Jihadists: Virtual Strategists
Images of martyrdom in the Jihadist culture of remembrance: Atiyatallah al-Libi, leading figure of al-Qa'ida, killed in a drone strike in 2011. © University of Vienna/Lohlker

A romantic aura of adventure, catchy music, visions of paradise and the promise of salvation: this is one version of how radical Islamic groups present themselves on the internet. Violent content is not all that counts, and the groups tap the entire “storytelling” spectrum to further their cause. “Many videos are based on computer game aesthetics”, explains Rüdiger Lohlker from the University of Vienna. As a professor of Islamic studies, he has been performing important pioneering work for years by exploring the Islamic presence on the internet. In a project funded by the FWF, Lohlker and his team have now focused on global Jihadist groups and their online presence. “We have to understand the strategies of the Jihadists in order to be able to develop counter strategies. So far, this has not sufficiently been the case”, emphasizes Lohlker.

Social aspects under scrutiny

One reason for this incomplete understanding resides in the fact that Jihadism research has mainly focused so far on security issues. In view of current developments that indicate a shift from an online Jihadist sub-culture to an online propaganda war, this approach certainly falls short of the mark. The FWF project has now managed to fill a research gap by placing the focus of investigation on the social aspects surrounding these radical groups and their online manifestations. In concrete terms, the researchers analyzed three different levels: religious, rhetorical and visual aspects. Both the Islamic expertise of the team and their language skills played a seminal role in the completion of this task. Rüdiger Lohlker and his team studied mainly Arabic-language internet platforms, since, as the researcher explained, they were still the central focus for Jihadist internet presence: “Arabic is the threshold one has to cross to be accepted in a Jihadist environment.”

Internet professionalism

The team conducted mainly qualitative research, analyzing inter alia internet forums and a great number of videos. The result could be summarized as follows: the tools used by the Jihadist communication strategists are increasingly on a par with professional PR tools used by the private sector. One finds corporate design and corporate wording - i.e. recurring and easily recognizable visual symbols adapted to the religion-based lines of argumentation. General Islamic discourse is reinterpreted in Jihadist terms and then used to establish the legitimacy of radical activities. “Distribution strategies for material are also very good, comparable to those of the gaming industry”, reports Lohlker. And, finally, the establishing of contacts plays a central role in internet activities. The researchers were able to demonstrate how something like an oath of allegiance is used to lure potential fellow activists on board.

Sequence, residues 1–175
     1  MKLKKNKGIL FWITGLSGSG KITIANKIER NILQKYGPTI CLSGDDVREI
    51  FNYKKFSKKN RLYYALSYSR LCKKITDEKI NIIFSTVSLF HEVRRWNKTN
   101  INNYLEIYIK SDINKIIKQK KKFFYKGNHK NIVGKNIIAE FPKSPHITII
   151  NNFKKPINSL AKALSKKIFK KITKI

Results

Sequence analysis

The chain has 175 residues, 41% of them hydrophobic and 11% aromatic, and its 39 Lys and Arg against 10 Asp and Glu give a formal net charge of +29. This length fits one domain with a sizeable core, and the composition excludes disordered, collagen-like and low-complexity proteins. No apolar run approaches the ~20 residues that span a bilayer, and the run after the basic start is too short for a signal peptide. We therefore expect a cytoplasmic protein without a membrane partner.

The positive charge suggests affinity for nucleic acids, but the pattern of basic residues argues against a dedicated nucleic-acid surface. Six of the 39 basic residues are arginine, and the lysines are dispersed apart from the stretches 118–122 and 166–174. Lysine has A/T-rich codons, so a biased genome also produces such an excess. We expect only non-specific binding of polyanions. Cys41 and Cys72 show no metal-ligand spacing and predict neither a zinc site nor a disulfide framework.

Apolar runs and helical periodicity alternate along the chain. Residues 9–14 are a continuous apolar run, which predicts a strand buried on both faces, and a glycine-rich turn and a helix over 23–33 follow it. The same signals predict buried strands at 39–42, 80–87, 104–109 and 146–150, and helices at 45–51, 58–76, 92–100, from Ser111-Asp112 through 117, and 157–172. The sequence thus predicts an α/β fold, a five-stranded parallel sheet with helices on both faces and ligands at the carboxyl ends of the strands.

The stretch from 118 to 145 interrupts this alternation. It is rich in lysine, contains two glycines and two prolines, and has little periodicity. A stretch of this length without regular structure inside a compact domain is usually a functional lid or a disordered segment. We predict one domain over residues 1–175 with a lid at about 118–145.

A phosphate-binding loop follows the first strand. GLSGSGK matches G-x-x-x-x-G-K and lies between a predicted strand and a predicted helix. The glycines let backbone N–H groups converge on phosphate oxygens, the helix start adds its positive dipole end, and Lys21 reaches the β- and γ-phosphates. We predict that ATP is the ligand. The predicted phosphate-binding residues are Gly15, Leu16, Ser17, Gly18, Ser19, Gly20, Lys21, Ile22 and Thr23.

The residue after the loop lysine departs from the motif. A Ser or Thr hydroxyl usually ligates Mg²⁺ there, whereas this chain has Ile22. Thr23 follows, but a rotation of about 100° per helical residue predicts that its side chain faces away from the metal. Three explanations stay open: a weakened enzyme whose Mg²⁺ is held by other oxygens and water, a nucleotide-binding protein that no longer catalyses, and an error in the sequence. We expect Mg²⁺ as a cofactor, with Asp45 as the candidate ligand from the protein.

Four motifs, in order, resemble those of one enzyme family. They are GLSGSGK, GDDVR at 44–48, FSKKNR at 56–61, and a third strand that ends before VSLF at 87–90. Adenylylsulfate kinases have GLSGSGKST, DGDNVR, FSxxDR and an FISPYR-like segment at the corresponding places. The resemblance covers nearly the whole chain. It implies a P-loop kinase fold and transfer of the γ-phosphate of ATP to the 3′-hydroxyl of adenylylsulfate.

Benefits for society

The next steps planned are big-data analyses based on the “matrix” established by the FWF project. But the scientists’ ambition does not stop there. They want to develop de-radicalization strategies for practical application. “This is the only way to erode the foundations of Jihadism”, Lohlker is convinced. “Particularly when it comes to prevention, but also in other crucial areas, there is still a lack of understanding of what it means to be active on the internet. A fact that never fails to surprise me”, professes Lohlker, who is busy working on counter measures. The FWF project, for example, has given rise to an online strategy that has already been tested for its viability. In addition, his department is currently contributing to the establishment of a center in Indonesia designed to train about 4,000 adherents of a large Muslim organization in order to advance de-radicalization. “In Austria and Europe we could benefit from such activity by training multipliers who are knowledgeable both about religious aspects and about how to use the internet.” The scientist is convinced that what is needed is support of activities rooted in civil society. To this end one must relinquish control, would be Lohlker’s advice, “since bureaucracy simply doesn’t work on the internet.”

Personal details Rüdiger Lohlker has held the chair of Islamic Studies at the Department of Oriental Studies at the University of Vienna since 2003. He has published numerous texts on Islamist movements on the internet and is the author of the blog "Die Sandalen von Sind".

The Dschihadismus online project has given rise to three anthologies:

  • Rüdiger Lohlker/Tamara Abu-Hamdeh (eds.): Jihadism: Jihadi Thought and Ideology, Berlin: Logos 2014
  • Rüdiger Lohlker (ed.): Jihadism: Online Discourses and Representations, Göttingen: Vienna University Press 2013
  • Rüdiger Lohlker (ed.): New Approaches to the Analysis of Jihadism: Online and Offline, Göttingen: Vienna University Press 2012